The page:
Saturday, August 17, 2013

Ramen Bar Suzuki: More bar than Ramen eatery

By Mark and Arthur

Suzuki Ramen Bar is perhaps one of the more hyped, if lesser-known ramen eateries in Singapore. The “hype” bit largely draws from their rather contentious claim of being one of the only two ramen shops in Singapore which sells genuine ramen. On the other hand, whilst Suzuki Ramen bar is quite recognised within the local ramen scene, it lacks prestige and popularity among the more casual scene when compared to say, Tonkotsu King. What really intrigued us in particular was the aforementioned boast, which is potentially  of the “dying-to-be-disproven-and-shoved-back-down-their-throats” breed. Having said that, we went to find out whether Suzuki Ramen Bar could put its noodles where its mouth is.
Standard Japanese affair, Noren at the entrance
The store is a short 5 minute walk from Raffles Place MRT station, tucked along 61 Circular Road. It carries multiple options and a good selection of toppings, sauces and add-ons to customize one's Ramen and includes a few interesting but gimmicky choices such as the addition of cheese and basil; and squid ink.


Arthur's take:
The store entrance has the appearance of an authentic looking Ramen store which is backed by its interior layout, featuring an average length bar table with high stool seating near the entrance and a few standard tables further in the restaurant. The design is fused with a dim, ambient lighting and dark colour scheme, matching the chic and classy feel of the Boat Quay area. The warm and calming atmosphere may be attractive for couples and good for those looking to do some drinking. This is well supported by its selection of sake and beer. 

Mark's take:
From the outside, Suzuki Ramen Bar looks like what I’d imagine a typical ramen shop to be –small, cramped with some vaguely Japanese-related décor. The interior is rather modern, but conservatively so, and does not err on being tacky the way Kagetsu Arashi or even Ippudo does. Although it doesn’t have the grimy, rundown feel of authenticity, I liked the minimalist chic-classy vibe it exudes.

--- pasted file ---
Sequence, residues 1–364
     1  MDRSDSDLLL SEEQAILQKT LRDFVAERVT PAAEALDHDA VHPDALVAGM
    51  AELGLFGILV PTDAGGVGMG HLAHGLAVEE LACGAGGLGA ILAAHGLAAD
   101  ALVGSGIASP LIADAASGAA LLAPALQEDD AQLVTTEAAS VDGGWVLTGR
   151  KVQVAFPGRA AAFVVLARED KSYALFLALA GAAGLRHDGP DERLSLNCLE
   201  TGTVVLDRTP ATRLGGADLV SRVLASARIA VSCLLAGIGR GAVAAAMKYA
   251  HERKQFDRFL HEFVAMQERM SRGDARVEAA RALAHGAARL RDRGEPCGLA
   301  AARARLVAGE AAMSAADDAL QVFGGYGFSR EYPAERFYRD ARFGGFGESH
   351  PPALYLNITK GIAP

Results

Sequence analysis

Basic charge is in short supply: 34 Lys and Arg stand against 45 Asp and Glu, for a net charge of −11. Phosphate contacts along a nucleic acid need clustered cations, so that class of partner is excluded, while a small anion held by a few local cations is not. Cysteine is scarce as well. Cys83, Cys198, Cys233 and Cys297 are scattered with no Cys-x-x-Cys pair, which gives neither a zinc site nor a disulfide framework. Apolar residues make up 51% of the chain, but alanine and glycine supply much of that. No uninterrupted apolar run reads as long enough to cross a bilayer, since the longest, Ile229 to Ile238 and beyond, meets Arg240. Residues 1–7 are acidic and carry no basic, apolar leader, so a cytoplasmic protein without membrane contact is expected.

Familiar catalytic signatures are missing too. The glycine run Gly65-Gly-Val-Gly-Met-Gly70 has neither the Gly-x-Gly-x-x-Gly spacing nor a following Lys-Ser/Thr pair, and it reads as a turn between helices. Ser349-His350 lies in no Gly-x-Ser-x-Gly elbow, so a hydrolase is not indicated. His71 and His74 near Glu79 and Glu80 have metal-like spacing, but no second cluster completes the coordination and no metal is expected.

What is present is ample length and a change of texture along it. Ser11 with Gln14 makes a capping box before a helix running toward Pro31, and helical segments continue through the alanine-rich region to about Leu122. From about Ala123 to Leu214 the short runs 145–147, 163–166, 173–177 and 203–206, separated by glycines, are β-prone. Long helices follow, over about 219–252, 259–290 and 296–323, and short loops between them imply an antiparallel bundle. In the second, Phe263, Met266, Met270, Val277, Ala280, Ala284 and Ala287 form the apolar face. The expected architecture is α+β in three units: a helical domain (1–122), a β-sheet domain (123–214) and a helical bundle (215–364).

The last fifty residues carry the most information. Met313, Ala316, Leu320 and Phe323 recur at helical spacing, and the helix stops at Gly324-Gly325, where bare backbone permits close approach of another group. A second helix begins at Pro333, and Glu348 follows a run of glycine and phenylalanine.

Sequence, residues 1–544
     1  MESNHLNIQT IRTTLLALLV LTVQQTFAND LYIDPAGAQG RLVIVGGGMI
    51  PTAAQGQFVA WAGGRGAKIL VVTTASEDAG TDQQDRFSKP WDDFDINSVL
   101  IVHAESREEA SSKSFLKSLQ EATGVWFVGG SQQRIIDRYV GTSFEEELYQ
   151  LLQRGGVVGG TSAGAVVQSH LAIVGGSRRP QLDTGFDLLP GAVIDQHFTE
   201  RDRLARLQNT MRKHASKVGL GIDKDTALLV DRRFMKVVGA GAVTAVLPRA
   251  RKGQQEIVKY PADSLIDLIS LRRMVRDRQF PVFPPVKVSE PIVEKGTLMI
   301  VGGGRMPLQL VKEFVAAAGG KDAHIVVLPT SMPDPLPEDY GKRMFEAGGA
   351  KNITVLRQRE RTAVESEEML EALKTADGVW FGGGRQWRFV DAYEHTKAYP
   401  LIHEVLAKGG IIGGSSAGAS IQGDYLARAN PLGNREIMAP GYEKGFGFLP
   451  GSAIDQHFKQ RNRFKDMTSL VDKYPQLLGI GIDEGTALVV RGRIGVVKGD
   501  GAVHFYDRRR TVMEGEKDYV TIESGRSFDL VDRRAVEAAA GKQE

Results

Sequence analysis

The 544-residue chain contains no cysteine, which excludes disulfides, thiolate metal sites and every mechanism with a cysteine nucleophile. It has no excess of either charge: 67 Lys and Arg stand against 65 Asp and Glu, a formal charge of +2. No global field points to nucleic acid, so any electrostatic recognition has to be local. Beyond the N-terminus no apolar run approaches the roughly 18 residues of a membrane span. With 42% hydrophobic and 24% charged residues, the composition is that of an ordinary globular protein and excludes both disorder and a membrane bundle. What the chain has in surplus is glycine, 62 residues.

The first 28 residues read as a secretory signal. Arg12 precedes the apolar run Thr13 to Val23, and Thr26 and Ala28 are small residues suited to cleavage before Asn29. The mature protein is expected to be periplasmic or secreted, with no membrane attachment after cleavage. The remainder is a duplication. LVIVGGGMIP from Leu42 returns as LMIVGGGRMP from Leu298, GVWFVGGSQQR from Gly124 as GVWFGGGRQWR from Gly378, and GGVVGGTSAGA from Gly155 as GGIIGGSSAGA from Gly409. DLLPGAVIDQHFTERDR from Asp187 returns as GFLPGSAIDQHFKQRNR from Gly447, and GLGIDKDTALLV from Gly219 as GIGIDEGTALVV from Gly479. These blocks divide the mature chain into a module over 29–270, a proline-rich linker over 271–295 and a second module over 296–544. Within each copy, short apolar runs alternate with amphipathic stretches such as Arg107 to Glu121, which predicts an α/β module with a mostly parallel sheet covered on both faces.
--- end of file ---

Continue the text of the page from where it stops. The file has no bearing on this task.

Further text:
The free eggs
As expected in any establishment (whether authentic or commercialised) that prides itself on its Japanese fare, we were greeted with long chains of Japanese phrases. Unlike the common crowd, these were uttered in an almost hushed tone, keeping in line with the classy feel of the eatery. Another difference we noticed was the full black ensemble that the staff were decked out in, without the big logo of their shop on the back of their shirts, unlike many of its other competitors. Again, this isn’t something I’d hold against them, especially as it suits the shop’s minimalist theme, but I missed the authentic feel afforded by those brash logos.
A gripe I had was with the condiments available, which were presumably there to add flavour not just to the food but also to the Japanese feel of the place. I mean, who the hell eats mayonnaise with ramen?! Despite this, the free flow of eggs and potato salad were a welcome perk that added to the authenticity of the place. Normally, such a move by an eatery (in Singapore at least) would result in a level of feasting not seen since the end of the Great Famine. The absence of such a scene here greatly impressed me as it spoke volumes of the civility of the dinner crowd, and the overall mature, civilised feel of the eatery itself.
Mayo with your Ramen anyone? Right...
Probably nice with the free eggs though:)


Arthur's take:
What I ordered:
Pure White Tonkotsu Ramen (basic Ramen with chashu): thick noodles, strong soup –S$12.90
Addition of special toppings (extra chashu, half boiled egg, seaweed) –S$3.00(additional charge)
When the Ramen first arrived, I was prematurely disappointed. It was topped with the standard array of wood ear fungus, finely chopped spring onions and strands of pickled ginger, but what caused my disappointment was the broth which appeared bland and diluted. My rash judgement was quickly dispelled when I took in my first spoonful of the broth. It had a creamy flavour that was much heavier than it looked, carrying a strong and promising taste. This was unfortunate because it only took a few slurps before the abundant use of ginger became apparent.
Looks can be deceiving
-the soup looks weak but packs quite a punch

The dense flavour of ginger tries to add a fresh, stimulating spice to each scoop and was particularly effective at masking the strong smell-the uninitiated might call stench-which is common with pork based Ramen stock. However, the feeling of freshness quickly wears off and it became too overwhelming for the broth’s basic flavour to be properly enjoyed. The broth also came with a dessertspoon-sized serving of their ‘special sauce’ which added a nice zing to the broth but was again quickly overwhelmed by the taste of ginger which proved more a distraction than a complementary item. Overall though, the broth was definitely above average and worth a try.